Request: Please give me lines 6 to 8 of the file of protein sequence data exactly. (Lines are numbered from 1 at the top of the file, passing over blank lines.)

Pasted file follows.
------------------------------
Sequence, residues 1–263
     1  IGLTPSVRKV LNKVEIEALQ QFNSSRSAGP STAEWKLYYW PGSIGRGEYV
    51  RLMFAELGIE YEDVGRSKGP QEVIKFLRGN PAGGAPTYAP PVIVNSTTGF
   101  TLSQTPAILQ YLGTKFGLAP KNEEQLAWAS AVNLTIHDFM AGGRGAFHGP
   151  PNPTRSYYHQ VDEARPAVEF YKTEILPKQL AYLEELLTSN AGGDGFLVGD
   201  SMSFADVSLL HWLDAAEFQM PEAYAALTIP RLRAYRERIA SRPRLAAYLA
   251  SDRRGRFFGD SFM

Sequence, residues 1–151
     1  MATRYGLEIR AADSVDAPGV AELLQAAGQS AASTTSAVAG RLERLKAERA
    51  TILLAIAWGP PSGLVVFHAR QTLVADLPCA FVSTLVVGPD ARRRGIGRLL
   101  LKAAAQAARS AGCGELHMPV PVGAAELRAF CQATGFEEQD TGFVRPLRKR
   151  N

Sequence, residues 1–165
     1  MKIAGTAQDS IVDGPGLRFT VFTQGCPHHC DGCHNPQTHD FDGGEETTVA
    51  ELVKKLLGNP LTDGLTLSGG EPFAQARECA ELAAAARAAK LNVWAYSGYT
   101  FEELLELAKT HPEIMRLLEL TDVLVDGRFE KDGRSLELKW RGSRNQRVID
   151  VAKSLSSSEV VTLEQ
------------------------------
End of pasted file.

   201  SMSFADVSLL HWLDAAEFQM PEAYAALTIP RLRAYRERIA SRPRLAAYLA
   251  SDRRGRFFGD SFM

Sequence, residues 1–151